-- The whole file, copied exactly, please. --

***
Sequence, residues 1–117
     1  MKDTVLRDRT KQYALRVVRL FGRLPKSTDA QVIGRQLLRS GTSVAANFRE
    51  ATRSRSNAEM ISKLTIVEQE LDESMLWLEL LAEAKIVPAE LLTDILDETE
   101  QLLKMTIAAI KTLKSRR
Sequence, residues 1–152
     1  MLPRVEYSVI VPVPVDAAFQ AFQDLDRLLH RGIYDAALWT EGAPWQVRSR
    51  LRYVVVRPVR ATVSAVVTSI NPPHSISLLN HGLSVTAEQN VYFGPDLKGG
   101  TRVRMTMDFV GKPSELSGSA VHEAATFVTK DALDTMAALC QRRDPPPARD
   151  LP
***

Sequence, residues 1–117
     1  MKDTVLRDRT KQYALRVVRL FGRLPKSTDA QVIGRQLLRS GTSVAANFRE
    51  ATRSRSNAEM ISKLTIVEQE LDESMLWLEL LAEAKIVPAE LLTDILDETE
   101  QLLKMTIAAI KTLKSRR
Sequence, residues 1–152
     1  MLPRVEYSVI VPVPVDAAFQ AFQDLDRLLH RGIYDAALWT EGAPWQVRSR
    51  LRYVVVRPVR ATVSAVVTSI NPPHSISLLN HGLSVTAEQN VYFGPDLKGG
   101  TRVRMTMDFV GKPSELSGSA VHEAATFVTK DALDTMAALC QRRDPPPARD
   151  LP